Kimora Lee Simmons Launches a New Fashion Brand for Working Mothers

Kimora Lee Simmons with her baby, Wolfe Lee, in a new Beverly Hills, Calif., store selling clothes in her KLS line.

Kimora Lee Simmons is launching a luxury-priced fashion line for women who are juggling work and family, women just like her, she says.

The ‘just like her’ part is eyebrow-raising. Few women have been a Chanel model or the wife of music mogul Russell Simmons. Her diva antics as a divorced-mom fashion entrepreneur on the Style Network reality show “Kimora: Life in the Fab Lane” made her more gawk-worthy than relatable.

Looks that are sexy but not too sexy, at the new KLS store in Beverly Hills, Calif.,  from designer Kimora Lee Simmons.

But reality TV, Baby Phat fashion and the JustFab retail website are in her rearview mirror, Ms. Simmons says. Ahead is the stability of family life with her investment banker husband Tim Leissner, who is chairman of Southeast Asia for Goldman Sachs, and son Wolfe, who was born in April.

She has resurrected the name KLS from a less-expensive juniors label that was discontinued five years ago. The first KLS store opened here on Beverly Drive several weeks ago, stocked with body-conscious suits, dresses and separates.

The looks in the KLS line from Kimora Lee Simmons are body-conscious yet office-appropriate.

This is a line for women who don’t want to cross the line between sexy and trashy at work. Sturdy, stretchy fabrics hold the body snugly in place. Pencil skirts are trim but fall respectfully below the knee. It only goes up to size 12.

There’s just a whiff of denim. “Baby Phat was $50 jeans. These are $400 jeans,” she says. “This is not mass.” Filling out the collection are bags and wallets, big enough to carry what working women haul around.

Manufactured in New York, KLS is available at her store and website. Prices range from $425 for pants to $1,550 for some dresses.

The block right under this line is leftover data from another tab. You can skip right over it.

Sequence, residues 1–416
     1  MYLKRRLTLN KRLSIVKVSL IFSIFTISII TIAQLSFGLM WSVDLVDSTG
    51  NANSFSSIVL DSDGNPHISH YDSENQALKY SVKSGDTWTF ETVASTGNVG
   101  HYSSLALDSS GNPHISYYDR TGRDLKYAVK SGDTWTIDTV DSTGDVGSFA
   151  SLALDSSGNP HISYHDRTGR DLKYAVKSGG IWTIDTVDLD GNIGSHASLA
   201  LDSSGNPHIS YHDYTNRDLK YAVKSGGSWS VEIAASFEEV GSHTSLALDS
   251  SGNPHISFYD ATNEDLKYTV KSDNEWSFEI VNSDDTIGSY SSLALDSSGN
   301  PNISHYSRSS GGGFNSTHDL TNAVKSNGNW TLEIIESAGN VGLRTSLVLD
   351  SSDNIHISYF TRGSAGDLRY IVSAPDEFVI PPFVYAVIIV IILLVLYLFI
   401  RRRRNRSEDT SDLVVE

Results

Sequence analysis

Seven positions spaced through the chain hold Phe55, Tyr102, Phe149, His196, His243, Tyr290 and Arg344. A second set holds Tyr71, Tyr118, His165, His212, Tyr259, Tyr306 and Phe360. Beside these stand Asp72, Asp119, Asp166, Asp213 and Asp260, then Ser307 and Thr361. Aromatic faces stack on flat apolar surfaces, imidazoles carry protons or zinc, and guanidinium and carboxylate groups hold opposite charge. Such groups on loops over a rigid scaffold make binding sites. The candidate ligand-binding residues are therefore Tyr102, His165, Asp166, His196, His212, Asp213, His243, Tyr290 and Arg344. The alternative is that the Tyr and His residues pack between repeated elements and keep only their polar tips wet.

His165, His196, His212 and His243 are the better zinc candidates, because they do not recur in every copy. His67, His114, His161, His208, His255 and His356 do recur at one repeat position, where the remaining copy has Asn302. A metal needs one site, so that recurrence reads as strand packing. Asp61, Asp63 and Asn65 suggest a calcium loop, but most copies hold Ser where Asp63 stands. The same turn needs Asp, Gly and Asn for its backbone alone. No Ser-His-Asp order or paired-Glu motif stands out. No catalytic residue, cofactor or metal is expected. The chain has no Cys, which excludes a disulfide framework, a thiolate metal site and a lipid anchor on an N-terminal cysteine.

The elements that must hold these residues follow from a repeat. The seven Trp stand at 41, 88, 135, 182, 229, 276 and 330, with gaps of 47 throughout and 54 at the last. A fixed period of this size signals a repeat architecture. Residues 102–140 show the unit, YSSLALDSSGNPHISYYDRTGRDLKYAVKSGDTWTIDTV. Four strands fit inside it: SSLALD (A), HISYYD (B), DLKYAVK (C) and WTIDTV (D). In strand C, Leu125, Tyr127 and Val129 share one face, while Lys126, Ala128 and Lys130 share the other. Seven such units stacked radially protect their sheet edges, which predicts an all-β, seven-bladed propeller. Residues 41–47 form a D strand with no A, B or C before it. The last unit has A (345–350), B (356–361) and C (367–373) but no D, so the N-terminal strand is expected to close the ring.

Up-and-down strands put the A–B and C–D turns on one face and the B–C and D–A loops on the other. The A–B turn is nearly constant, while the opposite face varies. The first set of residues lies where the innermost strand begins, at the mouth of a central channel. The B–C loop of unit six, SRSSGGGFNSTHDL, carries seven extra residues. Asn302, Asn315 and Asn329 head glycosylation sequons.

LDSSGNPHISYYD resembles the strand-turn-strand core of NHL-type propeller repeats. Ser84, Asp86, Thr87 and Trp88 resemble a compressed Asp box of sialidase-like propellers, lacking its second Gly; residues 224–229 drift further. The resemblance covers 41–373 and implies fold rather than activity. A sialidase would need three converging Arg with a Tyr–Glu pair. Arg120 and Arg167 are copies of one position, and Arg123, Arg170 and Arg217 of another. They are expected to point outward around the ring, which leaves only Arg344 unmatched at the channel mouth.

A 6-foot-tall whirlwind who rocks 4-inch heels, Ms. Simmons blew into the store recently accompanied by an entourage: a nanny, nine-week-old Wolfe, Mr. Leissner, one highly attentive personal assistant and three hair, makeup, and wardrobe stylists. She was running late, but paused to pose for paparazzi gathered on the sidewalk.

The KLS store from fashion designer Kimora Lee Simmons also sells accessories.

She pointed to the arm of a sofa and announced that was where she’d like to perch for a photo shoot. “I like the edge because I’m fat,” she said. She threw herself into a chair and asked for her hair to be flat-ironed.

A former fashion model who was hired by Karl Lagerfeld at 15, Ms. Simmons, now 40, has lived in the fast lane for all of her adult life. Her four children include two daughters, Ming Lee Simmons, 15, and Aoki Lee Simmons, 12, with Mr. Simmons; and a son, 8-year-old Kenzo Lee Hounsou, from a relationship with actor Djimon Hounsou. She met Mr. Leissner while sitting in business class on a Cathay Pacific flight from Hong Kong to Kuala Lumpur, where they disagreed about who had dibs on the empty middle seat between them. Airline officials had told each that the seat was left empty for their comfort as frequent flyers.

“She piled all her stuff on it, like it was her seat,” Mr. Leissner says.

“It was my seat,” Ms. Simmons replies.

Mr. Leissner says he proposed to her by the end of the four-hour flight. They married in 2013 and are sometimes photographed as a family with Mr. Simmons included.

Inside the KLS store in Beverly Hills, which designer Kimora Lee Simmons opened in June.

Now, Ms. Simmons is dabbling in venture capital and other deals alongside Mr. Leissner. Their ventures range from a Paris-based cosmetics line called Codage, an energy drink called Celsius, a sports-team investment fund and an artificial-intelligence company.

She has stayed largely out of the limelight since her TV show went off the air in 2011 after five years. Now, with one of her daughters just out of the hospital after spinal surgery, and her days punctuated with pumping breast milk for the baby, Ms. Simmons refers to her new stage in life as “Kimora, Version Five.” “I want [people] to know me for having a high-end and elevated brand,” she says.

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